Did you ever feel guilty for not liking your kids? I know some of you are appalled I would even ask such a question. But others of you get it. For some, liking our kids, or at least one in particular, does not come easily.
Now, keep in mind, I'm not talking about loving your kids. That's a given. And, for the most part, love is just there. But like? Not so much. If you're really lucky, you have kids that are simply delightful... they're easy to like. But sometimes there's just that one who defies you at every turn or rubs you the wrong way. Perhaps they are too much like your own unlikable side (we all have one).
When I was growing up, I believed my dad hated me, particularly during my pre-teen and teenage years. It was a heavy burden to carry... this supposed hatred from a father... and it molded me in many ways, most of which were not good. When you believe that even your own father hates you, it's hard to find anything lovable about yourself. Bad behavior ensued. I became a bully, so much so that at one of my class reunions, a classmate came up to me and told me I was his second least-favorite person in school. Wow. What an honor. I think I redeemed myself in his eyes, but it was bothersome knowing that for years he had despised me.
As a young adult, I started seeing my dad in a different way. He was a proud man who, at only 45, was struck down by not one, but two, major heart attacks. Doctors gave him five years at most to live. My mother was only 37. Of course, back then, there were many more restrictions for heart patients -- no physical activity of any kind. No dancing. No mowing lawns. No sex.
I was seven at the time and lost the daddy I knew. His medications (there were many) changed his personality. At least that's what my mom said. I often wonder if it was more the loss of dreams, the loss of self, the loss of what was and what would be/should be. Death peeked around every corner. We never knew when the "big one" would strike. As it turned out, he survived 11 more heart attacks in 18 years. My childhood and early adult years were overshadowed by ambulances, CPR, and ICUs. Even after I moved 250 miles away from home, whenever I'd hear a siren, I'd think Dad was heading to the hospital again.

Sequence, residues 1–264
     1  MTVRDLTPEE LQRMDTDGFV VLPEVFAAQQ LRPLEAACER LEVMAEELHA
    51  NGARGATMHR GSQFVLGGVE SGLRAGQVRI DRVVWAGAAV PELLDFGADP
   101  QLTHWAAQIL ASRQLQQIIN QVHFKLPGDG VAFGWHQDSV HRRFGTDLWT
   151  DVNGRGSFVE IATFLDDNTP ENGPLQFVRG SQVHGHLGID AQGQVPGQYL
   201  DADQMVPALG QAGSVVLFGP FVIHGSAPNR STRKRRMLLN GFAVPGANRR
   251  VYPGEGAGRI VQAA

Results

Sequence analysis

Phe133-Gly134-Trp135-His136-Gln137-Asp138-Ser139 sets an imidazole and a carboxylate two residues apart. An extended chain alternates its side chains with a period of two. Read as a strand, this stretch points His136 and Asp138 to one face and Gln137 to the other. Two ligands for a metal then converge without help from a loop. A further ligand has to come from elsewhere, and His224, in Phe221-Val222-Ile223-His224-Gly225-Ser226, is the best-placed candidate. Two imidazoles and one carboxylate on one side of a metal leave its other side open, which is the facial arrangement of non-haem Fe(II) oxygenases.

As I look back on his life, I have a hard time grasping what he went through. I sometimes wonder how different my life would have been had his heart not been so damaged. I wonder what kind of dad I would have had. One thing I know for sure, however, is that my dad never hated me. I'm pretty sure he didn't like me much (I was a loud, demonstrative, dramatic little girl and he was a heart patient), but I know he loved me. He loved me like every daddy loves his daughters. He loved me like only a parent can.
And I've come to terms with the idea that my father might not have liked me. I don't know that I would have liked me if I was my own daughter. When we have children, we get what we get. And they're not always the kids we'd dreamt of having, are they? So mamas (and papas) -- it's okay if you're not liking one of yours. What's not okay, however, is making them feel that they're unlovable. That's never, ever okay. Even if you have to pretend to like them, DO IT. And stop beating yourself up for how you're feeling.
Love them, pretend to like them (if you must), and before long they just might grow into people you genuinely do like. I know that's what happened with Dad and me. And I'll be grateful forever that it did.
Sharing a bit of my story,
P.S. Just so you know, I happen to really, really like my kids. I've been blessed.